from Wiktionary, Creative Commons Attribution/Share-Alike License
- adj. Of or pertaining to rhetoric of ceremony, declamation, and demonstration, most often the rhetoric of funerals and other formal events. One of the three branches, or "species" (eidē), of rhetoric as outlined by Aristotle.
from the GNU version of the Collaborative International Dictionary of English
- adj. Serving to show forth, explain, or exhibit; -- applied by the Greeks to a kind of oratory, which, by full amplification, seeks to persuade.
from The Century Dictionary and Cyclopedia
- See epidictic, epidictical.
from WordNet 3.0 Copyright 2006 by Princeton University. All rights reserved.
- adj. designed primarily for rhetorical display
Sorry, no etymologies found.
By writing in epideictic's distinctively biographical but general terms, she can catch up in her apostrophes a Byron, a Hume,
In completing my own offering on scepticism as a rhetorical-poetical "war of ideas," I turn to the close grappling between Byron and Hemans over the enthymeme, or rhetorical syllogism, which like the epideictic is a legacy of the classical Sophism. [
Again, many of the so-called epideictic epigrams are little more than stories told shortly in elegiac verse, much like the stories in Ovid's
Establishing orthodoxy: The letters of St. Ignatius as epideictic rhetoric.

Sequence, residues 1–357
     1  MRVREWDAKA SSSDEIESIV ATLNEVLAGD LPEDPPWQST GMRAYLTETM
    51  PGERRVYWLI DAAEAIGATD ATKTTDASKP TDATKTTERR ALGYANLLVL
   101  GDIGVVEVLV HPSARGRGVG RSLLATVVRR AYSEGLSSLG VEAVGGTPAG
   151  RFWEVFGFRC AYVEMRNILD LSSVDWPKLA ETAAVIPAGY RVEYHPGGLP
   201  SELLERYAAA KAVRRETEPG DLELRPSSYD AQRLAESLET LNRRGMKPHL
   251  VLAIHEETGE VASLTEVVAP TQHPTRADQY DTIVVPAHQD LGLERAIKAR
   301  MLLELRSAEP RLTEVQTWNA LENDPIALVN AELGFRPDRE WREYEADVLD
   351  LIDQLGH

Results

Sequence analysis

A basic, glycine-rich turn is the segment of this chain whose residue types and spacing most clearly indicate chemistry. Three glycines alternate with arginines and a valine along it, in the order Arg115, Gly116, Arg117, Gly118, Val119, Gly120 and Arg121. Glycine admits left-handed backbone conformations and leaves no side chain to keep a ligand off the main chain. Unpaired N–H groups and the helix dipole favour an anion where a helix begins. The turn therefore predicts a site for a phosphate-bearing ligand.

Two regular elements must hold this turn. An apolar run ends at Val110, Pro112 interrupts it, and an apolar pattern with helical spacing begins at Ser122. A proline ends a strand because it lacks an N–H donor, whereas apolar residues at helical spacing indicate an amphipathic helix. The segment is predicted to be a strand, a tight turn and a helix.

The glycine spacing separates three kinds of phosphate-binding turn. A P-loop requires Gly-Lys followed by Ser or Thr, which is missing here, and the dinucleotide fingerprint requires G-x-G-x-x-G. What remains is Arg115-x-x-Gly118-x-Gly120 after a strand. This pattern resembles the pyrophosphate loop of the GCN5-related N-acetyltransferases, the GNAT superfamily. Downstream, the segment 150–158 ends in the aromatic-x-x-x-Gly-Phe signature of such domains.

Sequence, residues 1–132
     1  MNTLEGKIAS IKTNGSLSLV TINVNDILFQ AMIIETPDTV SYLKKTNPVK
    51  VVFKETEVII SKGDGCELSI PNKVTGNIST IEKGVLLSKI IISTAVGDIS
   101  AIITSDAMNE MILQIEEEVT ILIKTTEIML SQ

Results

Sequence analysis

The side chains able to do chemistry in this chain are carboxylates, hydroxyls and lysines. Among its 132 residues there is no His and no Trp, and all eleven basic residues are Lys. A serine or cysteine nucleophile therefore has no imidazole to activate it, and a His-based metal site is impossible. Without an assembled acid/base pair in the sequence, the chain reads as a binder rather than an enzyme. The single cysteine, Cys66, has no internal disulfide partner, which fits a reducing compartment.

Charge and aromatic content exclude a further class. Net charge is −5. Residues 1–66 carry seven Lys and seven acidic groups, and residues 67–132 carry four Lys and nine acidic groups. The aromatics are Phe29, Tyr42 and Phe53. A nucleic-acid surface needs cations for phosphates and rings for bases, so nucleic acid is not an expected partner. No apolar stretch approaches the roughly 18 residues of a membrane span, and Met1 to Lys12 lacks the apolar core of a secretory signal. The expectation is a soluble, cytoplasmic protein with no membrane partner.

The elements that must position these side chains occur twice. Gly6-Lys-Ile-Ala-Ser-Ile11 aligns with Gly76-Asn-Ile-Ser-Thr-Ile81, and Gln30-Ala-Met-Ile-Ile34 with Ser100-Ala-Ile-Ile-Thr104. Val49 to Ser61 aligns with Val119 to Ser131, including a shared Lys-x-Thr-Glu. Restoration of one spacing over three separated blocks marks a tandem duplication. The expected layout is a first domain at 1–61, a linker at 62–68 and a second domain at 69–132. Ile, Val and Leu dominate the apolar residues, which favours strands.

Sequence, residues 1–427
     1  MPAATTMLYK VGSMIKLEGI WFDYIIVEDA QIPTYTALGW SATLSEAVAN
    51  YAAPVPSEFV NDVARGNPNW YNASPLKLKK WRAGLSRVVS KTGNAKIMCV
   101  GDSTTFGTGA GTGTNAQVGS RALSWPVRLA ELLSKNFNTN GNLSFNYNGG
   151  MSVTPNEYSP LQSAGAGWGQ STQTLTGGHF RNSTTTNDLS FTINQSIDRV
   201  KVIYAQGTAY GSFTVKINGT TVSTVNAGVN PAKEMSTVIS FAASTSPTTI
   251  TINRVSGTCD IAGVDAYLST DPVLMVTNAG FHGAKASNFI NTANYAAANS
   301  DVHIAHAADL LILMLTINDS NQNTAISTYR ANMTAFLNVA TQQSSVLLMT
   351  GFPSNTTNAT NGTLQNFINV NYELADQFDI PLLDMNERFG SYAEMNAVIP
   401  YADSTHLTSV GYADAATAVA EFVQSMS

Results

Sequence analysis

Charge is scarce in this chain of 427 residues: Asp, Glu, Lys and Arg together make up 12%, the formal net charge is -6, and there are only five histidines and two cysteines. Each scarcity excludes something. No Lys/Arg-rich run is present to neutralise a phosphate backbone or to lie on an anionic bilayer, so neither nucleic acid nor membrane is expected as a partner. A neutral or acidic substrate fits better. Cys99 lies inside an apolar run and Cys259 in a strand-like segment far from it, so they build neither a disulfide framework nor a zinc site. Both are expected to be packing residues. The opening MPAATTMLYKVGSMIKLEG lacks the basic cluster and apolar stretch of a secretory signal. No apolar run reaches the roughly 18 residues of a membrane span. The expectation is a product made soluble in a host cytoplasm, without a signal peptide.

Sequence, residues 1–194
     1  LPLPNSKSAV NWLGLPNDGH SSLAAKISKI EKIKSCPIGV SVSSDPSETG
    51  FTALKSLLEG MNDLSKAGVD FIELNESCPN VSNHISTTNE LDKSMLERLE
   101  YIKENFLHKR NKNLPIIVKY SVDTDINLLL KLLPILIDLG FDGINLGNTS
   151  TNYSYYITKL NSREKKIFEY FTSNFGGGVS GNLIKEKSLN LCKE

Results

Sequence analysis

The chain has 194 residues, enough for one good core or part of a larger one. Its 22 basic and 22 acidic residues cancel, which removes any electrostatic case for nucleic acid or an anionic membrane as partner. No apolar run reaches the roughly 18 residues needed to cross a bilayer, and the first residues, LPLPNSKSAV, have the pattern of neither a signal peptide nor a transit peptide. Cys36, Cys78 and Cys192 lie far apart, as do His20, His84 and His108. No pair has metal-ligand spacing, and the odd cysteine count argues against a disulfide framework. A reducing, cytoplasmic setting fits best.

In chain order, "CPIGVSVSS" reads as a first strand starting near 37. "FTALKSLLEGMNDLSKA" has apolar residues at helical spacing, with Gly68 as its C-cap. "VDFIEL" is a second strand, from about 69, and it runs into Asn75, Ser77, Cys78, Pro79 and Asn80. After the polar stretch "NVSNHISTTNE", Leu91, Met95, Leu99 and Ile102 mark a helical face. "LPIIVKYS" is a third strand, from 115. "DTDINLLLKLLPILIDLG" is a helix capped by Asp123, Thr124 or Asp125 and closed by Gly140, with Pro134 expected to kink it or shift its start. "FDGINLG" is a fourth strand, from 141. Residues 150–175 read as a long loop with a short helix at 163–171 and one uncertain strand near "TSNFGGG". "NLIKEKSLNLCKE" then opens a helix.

Note 48: Another of the progymnasmata exercises, the encomium offered "basic training" for epideictic rhetoric, although it was also useful in deliberative and forensic oratory.
While learning the rudiments of epideictic presentation in a "parrot-like" manner, a student committed exemplary passages of poetry and literature to memory.
Additionally, the encomia inscribed in the Urbino portraits provided exemplary ingredients for epideictic oration. 48 19
Doctorow later spoofed the epideictic mode in The Book of Daniel.
Tony Blair's epideictic performance at the Labour Party conference last year won admiration even from his foes, but by and large the digital age is cool to rhetoric and, as the enthronement of the blogger suggests, prizes incoherent impulse over the Ciceronian arts of the exordium and the peroration.
"Amidst" and "midst" are almost always epideictic: they may be intended to impress but they are, instead, pretentious.
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